With Mike & Mickie Cooper

 Editor's Note: Mike & Mickie Cooper own Murals & More LLC in Franklin, Tenn., 20 minutes south of Nashville. Mike has been painting murals professionally for more than 25 years, with hundreds of exterior and interior murals under his belt. Both Mike and his wife, Mickie, have been teaching mural classes all over the country as well as in their studio in Franklin. They make a unique team in that they are right- and left-brained. (We will let you figure out which one is which.) In this column for Focus on Faux, they are providing lively commentary and also hope to dispel any myths about the illustrious world of mural painting. Mike and Mickie invite you to send questions about the industry and try your best to stump them! Send your questions to This email address is being protected from spambots. You need JavaScript enabled to view it. and put "Fresh Perspective" in the subject line.

 


 

 

What Kind of Paint Do You Use on a Mural?

When you look at the title of this column, you might think, “Wow, that's a stupid question.” And I usually say there are no stupid questions, but honestly that's the first thing that comes to mind.

Realistically, it's a serious question, because there are so many variables when it comes to painting murals. Most of all, what surface are you painting on? And is it outside or inside? And how long do you really want this magnificent work of art to last?

Well, here are some options. Let's start with the most versatile: acrylics. There are all types of acrylic paint, from the type you can get at Home Depot to artist's acrylics, like Golden or Liquitex.

For interior projects, I like to use artists' acrylics or house paint, like Benjamin Moore or Porter. For large exterior projects, I like to stay with 100 percent acrylics from PPG or Sherwin Williams. Top-of-the-line only, like their AcriShield or Emerald. Great for maintenance and lightfastness. In all honesty, you can't beat artists' acrylics like Golden or Liquitex, especially for their color palettes. But they do tend to cost more, and getting them in large quantities can be tricky.

The good news is that all of these paints will adhere to almost any surface, especially if you use a good primer. And make sure that the surface is clean and sound, even if you have to pressure-wash it first or clean it with some TSP. Even if it's top-of-the-line, it wouldn't hurt to topcoat it with a crystal-clear sealer, such as one from Modern Masters. It has a built-in UV filter.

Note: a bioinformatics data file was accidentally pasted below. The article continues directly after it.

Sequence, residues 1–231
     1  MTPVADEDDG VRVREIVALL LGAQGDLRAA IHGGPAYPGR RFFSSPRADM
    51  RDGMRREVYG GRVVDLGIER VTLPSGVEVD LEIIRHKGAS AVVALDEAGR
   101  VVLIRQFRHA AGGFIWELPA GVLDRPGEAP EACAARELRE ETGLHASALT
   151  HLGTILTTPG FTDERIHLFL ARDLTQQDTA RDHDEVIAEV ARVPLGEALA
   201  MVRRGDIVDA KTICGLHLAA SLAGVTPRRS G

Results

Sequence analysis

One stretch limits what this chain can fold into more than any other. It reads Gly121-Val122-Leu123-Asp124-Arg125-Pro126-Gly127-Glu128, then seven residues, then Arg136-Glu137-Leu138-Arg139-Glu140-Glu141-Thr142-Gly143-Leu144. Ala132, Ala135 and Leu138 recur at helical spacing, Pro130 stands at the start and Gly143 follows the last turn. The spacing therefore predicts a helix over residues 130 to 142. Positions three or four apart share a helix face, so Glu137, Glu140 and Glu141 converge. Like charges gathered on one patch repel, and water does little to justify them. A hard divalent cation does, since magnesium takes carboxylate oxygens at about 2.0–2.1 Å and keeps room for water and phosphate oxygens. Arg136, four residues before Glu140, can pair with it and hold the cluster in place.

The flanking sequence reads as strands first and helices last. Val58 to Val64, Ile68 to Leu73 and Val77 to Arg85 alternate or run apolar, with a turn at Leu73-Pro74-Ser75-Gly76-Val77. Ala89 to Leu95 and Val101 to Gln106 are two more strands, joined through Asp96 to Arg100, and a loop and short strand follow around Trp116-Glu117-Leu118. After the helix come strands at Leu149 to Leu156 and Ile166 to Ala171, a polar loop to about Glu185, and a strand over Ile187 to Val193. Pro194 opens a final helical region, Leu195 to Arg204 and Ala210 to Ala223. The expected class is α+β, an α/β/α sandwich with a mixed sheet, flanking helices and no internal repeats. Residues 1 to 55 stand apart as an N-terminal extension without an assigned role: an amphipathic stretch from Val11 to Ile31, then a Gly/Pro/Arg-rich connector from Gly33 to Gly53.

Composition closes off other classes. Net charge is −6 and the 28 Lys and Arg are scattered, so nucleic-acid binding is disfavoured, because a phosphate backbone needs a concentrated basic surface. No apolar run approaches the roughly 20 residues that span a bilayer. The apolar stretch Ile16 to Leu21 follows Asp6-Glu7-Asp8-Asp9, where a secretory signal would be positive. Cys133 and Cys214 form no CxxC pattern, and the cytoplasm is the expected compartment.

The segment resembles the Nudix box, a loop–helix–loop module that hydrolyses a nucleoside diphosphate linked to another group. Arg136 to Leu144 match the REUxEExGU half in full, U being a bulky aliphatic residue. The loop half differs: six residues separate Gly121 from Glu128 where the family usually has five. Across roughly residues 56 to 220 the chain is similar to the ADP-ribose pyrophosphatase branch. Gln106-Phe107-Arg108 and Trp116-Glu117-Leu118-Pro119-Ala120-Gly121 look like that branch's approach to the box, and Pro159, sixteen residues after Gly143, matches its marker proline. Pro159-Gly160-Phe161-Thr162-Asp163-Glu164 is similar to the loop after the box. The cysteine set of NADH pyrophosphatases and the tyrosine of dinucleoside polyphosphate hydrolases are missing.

And I would stay away from commercial oil-based paints, or even artists' oils. I mean, why use them, when you have a plethora of water-based products from which to choose? In fact, in a lot of states, large quantities of oil-based paints are illegal to even use! So play it safe.

Now, here is something that a lot of you aren't familiar with: silicate paint. Silicate paint is made specifically to go on inorganic surfaces, like unpainted concrete, stucco and brick. Prime it with one coat, paint your mural as the second coat and walk away. Silicate paints won't fade, and they won't peel. Ever. Cool stuff. Been around for over 100 years. Take a look at major murals around the globe. Most are painted with silicate. Not cheap, mind you. Costs between $100 and $300 a gallon. But again, the client doesn't ever have to paint the wall again. Ever. Like I said, cool stuff. Look it up. Here in the U.S., I would check out Keim Mineral Systems. Cleans up with water, is non-toxic and environmentally friendly and can be used for interior projects as well, especially on unpainted drywall surfaces.

Bottom line: Only use top-quality material when painting a mural. It's usually a minuscule  part of your costs, so splurge and get the good stuff. You—and especially your client—will be glad you did.

Remember, if you are ever in doubt, ask questions. Also keep in mind that sometimes you might not get an answer that sounds quite right, so ask someone else. Don't stop questioning the people from wherever it is that you get your paint or products, as it keeps them on their toes and lets them know that you take your work very seriously. The last thing you want is to use a paint that will make all your hard work disappear. Do it right, do it once.